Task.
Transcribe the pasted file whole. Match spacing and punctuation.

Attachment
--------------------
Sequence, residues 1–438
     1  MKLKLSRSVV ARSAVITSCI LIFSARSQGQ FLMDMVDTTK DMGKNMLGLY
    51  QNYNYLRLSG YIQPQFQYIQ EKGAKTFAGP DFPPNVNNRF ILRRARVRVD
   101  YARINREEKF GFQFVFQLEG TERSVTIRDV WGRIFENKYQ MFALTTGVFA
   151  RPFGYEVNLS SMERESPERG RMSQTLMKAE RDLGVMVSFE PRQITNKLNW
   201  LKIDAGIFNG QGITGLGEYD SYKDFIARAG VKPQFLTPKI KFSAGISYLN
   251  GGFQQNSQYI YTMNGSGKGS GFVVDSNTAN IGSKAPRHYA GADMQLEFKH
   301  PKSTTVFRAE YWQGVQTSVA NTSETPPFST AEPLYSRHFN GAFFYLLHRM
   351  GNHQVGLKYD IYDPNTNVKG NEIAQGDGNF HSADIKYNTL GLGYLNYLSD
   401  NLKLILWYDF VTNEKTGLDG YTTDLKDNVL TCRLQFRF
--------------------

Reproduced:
Sequence, residues 1–438
     1  MKLKLSRSVV ARSAVITSCI LIFSARSQGQ FLMDMVDTTK DMGKNMLGLY
    51  QNYNYLRLSG YIQPQFQYIQ EKGAKTFAGP DFPPNVNNRF ILRRARVRVD
   101  YARINREEKF GFQFVFQLEG TERSVTIRDV WGRIFENKYQ MFALTTGVFA
   151  RPFGYEVNLS SMERESPERG RMSQTLMKAE RDLGVMVSFE PRQITNKLNW
   201  LKIDAGIFNG QGITGLGEYD SYKDFIARAG VKPQFLTPKI KFSAGISYLN
   251  GGFQQNSQYI YTMNGSGKGS GFVVDSNTAN IGSKAPRHYA GADMQLEFKH
   301  PKSTTVFRAE YWQGVQTSVA NTSETPPFST AEPLYSRHFN GAFFYLLHRM
   351  GNHQVGLKYD IYDPNTNVKG NEIAQGDGNF HSADIKYNTL GLGYLNYLSD
   401  NLKLILWYDF VTNEKTGLDG YTTDLKDNVL TCRLQFRF